On my end, as a businessman -- I've been doing this 35 years -- I'm scared to the point of, are they going to stop buying the product?

DONNA MALONE, SHOPPER: We have to eat. What can I say? A lot of teams I have to compromise.


EGAN: Of course, companies are paying workers more these days. Unfortunately, those fatter paychecks are not going as far because of inflation.

In fact, compensation is now less than it was in December of 2019 adjusted for inflation, according to Harvard University.

CABRERA: Matt Egan, thank you for breaking it down for us.

Teachers and students caught in the middle as schools and state lawmakers battle over masks and vaccine mandates. We're going to talk to the head of one major teachers union on where her members stand now.



CABRERA: California is about to take on the issue of vaccine mandates in a way no other state has.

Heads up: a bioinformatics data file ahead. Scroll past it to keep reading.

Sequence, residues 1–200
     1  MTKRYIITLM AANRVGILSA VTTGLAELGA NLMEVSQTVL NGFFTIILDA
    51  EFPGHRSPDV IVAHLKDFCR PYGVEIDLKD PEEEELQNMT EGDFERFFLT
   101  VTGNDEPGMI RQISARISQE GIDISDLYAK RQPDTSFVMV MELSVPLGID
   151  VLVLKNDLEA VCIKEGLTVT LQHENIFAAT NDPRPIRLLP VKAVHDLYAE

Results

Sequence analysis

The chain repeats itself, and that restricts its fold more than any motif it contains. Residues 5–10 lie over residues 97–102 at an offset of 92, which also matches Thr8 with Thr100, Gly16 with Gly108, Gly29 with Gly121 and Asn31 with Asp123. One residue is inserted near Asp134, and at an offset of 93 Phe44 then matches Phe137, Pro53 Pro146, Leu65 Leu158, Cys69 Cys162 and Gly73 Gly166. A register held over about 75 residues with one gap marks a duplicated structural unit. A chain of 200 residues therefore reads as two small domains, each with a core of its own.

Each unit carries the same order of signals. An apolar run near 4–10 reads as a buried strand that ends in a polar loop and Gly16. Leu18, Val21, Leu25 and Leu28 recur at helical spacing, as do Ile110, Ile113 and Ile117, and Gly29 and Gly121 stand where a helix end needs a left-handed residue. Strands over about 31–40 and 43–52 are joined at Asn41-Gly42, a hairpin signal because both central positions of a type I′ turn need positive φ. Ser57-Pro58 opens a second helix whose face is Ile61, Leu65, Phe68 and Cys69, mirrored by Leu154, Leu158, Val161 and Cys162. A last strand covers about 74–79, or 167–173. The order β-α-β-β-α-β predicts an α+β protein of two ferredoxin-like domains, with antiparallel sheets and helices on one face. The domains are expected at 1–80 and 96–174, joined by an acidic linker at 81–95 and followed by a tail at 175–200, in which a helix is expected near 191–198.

Governor Newsom is expected to announce today that teachers and other school staff must be vaccinated or submit to regular COVID testing.

This is first-in-the-nation order. It will take effect in mid-October.

It will broaden statewide what school districts in San Francisco, Oakland, Sacramento and Long Beach have already done.

Randi Weingarten is the president of the American Federation of Teachers and joins us now.

Randi, thank you for taking the time.

Your reaction to this order by the state of California?


Look, I made it clear what my personal views were earlier in the week. But I think you're going to see our affiliates in California support this.

As our affiliate in Washington, D.C., had supported Mayor Bowser doing something similar. And our affiliate in New York City supporting Bill De Blasio for doing something similar.

We know that vaccines are the single most important tool for us confronting COVID and protecting people.

We also know that there has been, you know, that teachers have been extraordinary in terms of taking the shot.